An employment tribunal in England has ruled that ethical veganism—the refusal to consume animal products in any form—is equivalent to a religion or a philosophical belief and is entitled to protection under antidiscrimination laws.
Jordi Casamitjana, the ethical vegan, took his employer, a charity called the League Against Cruel Sports, to the tribunal, claiming that the organization dismissed him because of his beliefs. The charity denies this. It dismissed him, it said, because of gross misconduct: he publicly revealed that the charity had invested pension funds in companies that performed animal testing.
The tribunal has yet to decide whether Casamitjana was dismissed because of his beliefs. At first glance, it seems to me unlikely that he was, even if his beliefs were what led him to behave as he did. But the very idea that a tribunal should feel competent to divide beliefs into those both truly philosophical and not inimical to a democratic society—the criteria laid down by the law that entitle them to special protection—and those that don’t meet these specifications is worrying. It amounts to a virtual licensing or certification of beliefs, akin to a seal of good housekeeping that brings legal privileges. It confers on the courts both the right and the duty to decide what beliefs are compatible with democracy and what beliefs are not. This is a recipe for endless disputation, to the great advantage of lawyers, no doubt, but to the disadvantage of the peace of society.
If the tribunal rules that Casamitjana’s conduct, because it was motivated by beliefs legally protected from discrimination, was therefore itself legally protected from discrimination, chaos could follow. A cashier in a supermarket who refused to handle a product of a kind forbidden by her religion could not be dismissed because of her refusal. If a company fired such a worker and claimed that it was justified in doing so because willingness to handle the product was a condition of employment, it might be argued that the condition of employment was itself inherently discriminatory. A church would not be able to dismiss a pastor who advertised the fact that he was now an atheist because atheism is a philosophical belief compatible with democracy.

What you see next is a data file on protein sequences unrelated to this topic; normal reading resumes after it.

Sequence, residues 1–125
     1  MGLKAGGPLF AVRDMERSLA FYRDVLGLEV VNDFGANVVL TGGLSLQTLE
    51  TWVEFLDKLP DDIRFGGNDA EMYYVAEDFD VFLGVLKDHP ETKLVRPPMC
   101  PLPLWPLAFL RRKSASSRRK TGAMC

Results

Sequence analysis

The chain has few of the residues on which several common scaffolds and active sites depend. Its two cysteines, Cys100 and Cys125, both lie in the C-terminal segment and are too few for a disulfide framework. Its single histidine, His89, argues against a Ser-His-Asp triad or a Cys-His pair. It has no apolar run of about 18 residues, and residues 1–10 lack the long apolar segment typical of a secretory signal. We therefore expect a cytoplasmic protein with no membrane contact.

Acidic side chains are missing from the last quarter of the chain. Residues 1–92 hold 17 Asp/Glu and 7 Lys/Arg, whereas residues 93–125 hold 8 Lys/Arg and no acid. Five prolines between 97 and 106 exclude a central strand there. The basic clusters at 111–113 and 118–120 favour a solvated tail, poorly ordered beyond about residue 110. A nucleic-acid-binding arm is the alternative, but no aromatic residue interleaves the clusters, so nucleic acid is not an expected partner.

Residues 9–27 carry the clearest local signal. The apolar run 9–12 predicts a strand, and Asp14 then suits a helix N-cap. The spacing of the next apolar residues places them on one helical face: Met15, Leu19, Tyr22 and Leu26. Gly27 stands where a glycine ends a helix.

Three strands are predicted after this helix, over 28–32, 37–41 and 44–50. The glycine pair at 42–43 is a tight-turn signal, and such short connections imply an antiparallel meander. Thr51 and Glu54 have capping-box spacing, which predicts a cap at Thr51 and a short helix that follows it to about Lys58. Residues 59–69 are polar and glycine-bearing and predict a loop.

Perhaps it is inglorious for a charity opposed to cruel animal sports to invest in companies that perform animal testing (though, of course, sport and laboratory testing are different activities, with different justifications). But it is also inglorious that a man who indulges in the public disclosure of deleterious information about his employer should demand continued employment, using highly divisive legal protections as an instrument of coercion. Talk about wanting your cake—no doubt gluten-free—and eating it!